* Any views expressed in this opinion piece are those of the author and not of Thomson Reuters Foundation.One dodgy dissertation or flawed thesis passed off as research can become another blunt instrument with which to attack trans people
Baroness Barker is the LGBT+ spokeswoman in the House of Lords for the British Liberal Democrat party
Last June, I went to Pride in London. The sun was shining and there was a joyous atmosphere as LGBT+ people from all walks of life lined up to celebrate and parade with others from all over the world.
Then there was a hold up.
A group of eight self-identified lesbian feminists ignored rules, there in order to ensure that a huge event goes smoothly and safely, and disrupted the start of the march. Many, probably most, participants were angry that a day that is supposed to be about celebration and solidarity had been soured.
I think this was a perfect exposition of what this campaign and these groups are – a small number of people determined to sow division and halt the progress of the whole community, including lesbians.
I use the word “groups” although that may be inaccurate. There were many organisations in the often vitriolic and vociferous debate that were against the reform of Britain’s Gender Recognition Act, under which people can legally change their gender.
Many describe themselves as grassroots campaign groups, and are not registered charities so they don’t have a constitution that sets out publicly how their organisation is constituted or to whom and how it is accountable. And many say that they are funded by supporters, not by government – usually with bank details for people to send in donations.
But because they are campaign groups rather than charities, it is not always possible to determine who is funding them or how they are spending their money.
Mainstream British newspapers have run articles critical of organisations that work for trans equality such as Mermaids and Stonewall; organisations that are regulated as charities.
Last week, Openly published an opinion piece about a piece of research that claimed it provided evidence of lesbians experiencing threats and intimidation by trans women. Only it wasn’t and it didn’t. It was a set of leading questions, predicated on the assumption that trans women present a threat to lesbians.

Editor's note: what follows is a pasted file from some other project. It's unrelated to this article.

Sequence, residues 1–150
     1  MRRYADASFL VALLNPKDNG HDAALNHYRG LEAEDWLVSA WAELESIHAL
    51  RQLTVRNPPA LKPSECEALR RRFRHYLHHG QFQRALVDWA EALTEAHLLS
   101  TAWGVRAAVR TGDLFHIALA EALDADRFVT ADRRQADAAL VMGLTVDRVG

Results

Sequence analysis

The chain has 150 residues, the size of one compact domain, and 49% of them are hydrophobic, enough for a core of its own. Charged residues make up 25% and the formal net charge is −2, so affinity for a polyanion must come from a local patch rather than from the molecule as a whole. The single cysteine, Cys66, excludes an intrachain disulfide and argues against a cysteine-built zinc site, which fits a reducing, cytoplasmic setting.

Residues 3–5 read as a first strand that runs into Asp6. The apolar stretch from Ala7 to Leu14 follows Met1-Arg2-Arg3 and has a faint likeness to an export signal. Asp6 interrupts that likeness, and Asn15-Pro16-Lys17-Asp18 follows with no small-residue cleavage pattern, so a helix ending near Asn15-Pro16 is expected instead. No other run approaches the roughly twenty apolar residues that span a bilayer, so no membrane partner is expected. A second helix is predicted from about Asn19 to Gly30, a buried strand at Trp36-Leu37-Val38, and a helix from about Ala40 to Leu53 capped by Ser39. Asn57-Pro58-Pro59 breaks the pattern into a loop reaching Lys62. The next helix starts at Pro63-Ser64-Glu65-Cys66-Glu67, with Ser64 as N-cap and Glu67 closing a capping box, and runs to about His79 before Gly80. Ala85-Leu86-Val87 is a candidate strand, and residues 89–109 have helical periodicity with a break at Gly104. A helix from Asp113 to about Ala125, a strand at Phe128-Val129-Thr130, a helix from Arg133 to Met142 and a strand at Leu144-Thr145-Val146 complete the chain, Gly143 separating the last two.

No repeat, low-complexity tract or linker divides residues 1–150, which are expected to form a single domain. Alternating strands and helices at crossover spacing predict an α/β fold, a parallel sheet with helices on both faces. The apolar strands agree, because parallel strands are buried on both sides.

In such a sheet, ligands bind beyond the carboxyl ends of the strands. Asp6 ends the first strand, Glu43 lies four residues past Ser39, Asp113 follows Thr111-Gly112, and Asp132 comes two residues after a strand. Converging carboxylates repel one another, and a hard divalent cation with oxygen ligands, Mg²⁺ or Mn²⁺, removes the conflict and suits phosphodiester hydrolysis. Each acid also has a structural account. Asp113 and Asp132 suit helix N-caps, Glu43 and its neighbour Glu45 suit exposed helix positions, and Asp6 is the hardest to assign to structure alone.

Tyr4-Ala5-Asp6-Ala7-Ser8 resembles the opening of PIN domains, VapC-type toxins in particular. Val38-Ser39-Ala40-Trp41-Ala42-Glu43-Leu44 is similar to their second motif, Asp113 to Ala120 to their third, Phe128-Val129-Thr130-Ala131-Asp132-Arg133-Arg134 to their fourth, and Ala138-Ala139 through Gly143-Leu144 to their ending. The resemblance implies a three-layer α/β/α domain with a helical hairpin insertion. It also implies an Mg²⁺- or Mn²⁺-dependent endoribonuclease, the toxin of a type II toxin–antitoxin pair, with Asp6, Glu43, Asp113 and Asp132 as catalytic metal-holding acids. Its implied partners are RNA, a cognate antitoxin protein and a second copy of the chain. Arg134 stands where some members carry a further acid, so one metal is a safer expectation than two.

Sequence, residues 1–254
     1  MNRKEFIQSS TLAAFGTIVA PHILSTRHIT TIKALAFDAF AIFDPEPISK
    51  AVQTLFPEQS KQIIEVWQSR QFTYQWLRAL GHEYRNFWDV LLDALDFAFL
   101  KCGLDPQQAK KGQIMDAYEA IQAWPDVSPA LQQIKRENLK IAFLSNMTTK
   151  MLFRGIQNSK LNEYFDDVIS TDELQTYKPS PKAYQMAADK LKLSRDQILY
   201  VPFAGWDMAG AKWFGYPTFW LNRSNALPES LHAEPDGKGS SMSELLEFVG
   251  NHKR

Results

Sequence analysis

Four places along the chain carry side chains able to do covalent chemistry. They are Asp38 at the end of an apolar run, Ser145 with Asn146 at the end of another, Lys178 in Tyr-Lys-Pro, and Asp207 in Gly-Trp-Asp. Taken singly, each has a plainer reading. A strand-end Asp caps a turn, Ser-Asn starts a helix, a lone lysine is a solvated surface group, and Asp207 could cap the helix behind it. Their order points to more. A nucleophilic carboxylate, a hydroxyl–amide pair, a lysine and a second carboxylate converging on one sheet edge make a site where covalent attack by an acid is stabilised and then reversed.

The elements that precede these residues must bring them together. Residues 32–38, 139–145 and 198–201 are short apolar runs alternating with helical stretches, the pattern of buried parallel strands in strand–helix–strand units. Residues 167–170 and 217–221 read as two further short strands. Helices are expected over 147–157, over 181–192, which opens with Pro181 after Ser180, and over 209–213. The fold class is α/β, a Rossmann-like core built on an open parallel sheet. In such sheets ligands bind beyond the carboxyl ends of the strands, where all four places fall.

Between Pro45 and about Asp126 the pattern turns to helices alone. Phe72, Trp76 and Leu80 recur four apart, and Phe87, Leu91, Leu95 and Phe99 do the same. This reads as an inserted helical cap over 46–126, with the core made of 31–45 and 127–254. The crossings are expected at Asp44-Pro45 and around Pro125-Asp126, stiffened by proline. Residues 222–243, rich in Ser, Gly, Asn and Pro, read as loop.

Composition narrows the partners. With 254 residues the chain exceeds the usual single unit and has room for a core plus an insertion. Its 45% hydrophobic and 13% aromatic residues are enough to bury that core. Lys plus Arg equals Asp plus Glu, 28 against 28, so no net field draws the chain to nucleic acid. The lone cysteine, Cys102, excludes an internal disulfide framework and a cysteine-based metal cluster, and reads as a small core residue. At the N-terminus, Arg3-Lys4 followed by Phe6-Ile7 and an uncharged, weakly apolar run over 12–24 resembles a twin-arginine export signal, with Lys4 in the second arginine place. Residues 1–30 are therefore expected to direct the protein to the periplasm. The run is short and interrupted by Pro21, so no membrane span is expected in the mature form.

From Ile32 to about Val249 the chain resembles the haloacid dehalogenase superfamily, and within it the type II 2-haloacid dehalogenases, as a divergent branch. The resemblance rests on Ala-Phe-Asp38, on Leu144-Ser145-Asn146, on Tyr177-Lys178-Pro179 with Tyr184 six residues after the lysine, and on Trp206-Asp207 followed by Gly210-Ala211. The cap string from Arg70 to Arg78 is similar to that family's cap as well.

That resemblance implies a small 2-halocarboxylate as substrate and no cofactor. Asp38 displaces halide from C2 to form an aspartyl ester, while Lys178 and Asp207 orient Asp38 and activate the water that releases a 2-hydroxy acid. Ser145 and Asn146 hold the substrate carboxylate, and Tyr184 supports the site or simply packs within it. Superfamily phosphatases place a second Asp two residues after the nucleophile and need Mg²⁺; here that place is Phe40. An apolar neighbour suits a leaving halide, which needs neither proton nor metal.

It was, by the author’s own admission “sent to women-only and lesbian-only groups on social media, as well as to individual lesbians in my own networks. As such the sample does not claim to be a representative sample of the lesbian community.”
And yet this has somehow been deemed worthy of an opinion piece.
Badly flawed as the “research” is, it sheds an interesting light on the process by which a campaign continues to be propagated in colleges and universities. This line of thinking started decades ago with articles and books by academics based on the ideological belief that trans women cannot exist.
It became immaterial how trans women were supposed to function in our society – probably because such people want trans women to disappear from our society. At best they call for segregation – trans people in their own areas, not mixing with anyone else. They completely (and conveniently) ignore how this segregation would be policed, instead relying on promoting unjustified fear.
It is important to call this out. Prejudice with footnotes and references, calling itself academic research, is just prejudice claiming a veneer of respectability.
Before you know it, one dodgy dissertation or flawed thesis passed off as research can become another blunt instrument with which to attack trans people, their families and friends.
It is also dangerous because it can provide fuel for the increasing hate that trans people now face in our society – hate often promoted by our unquestioning mainstream media.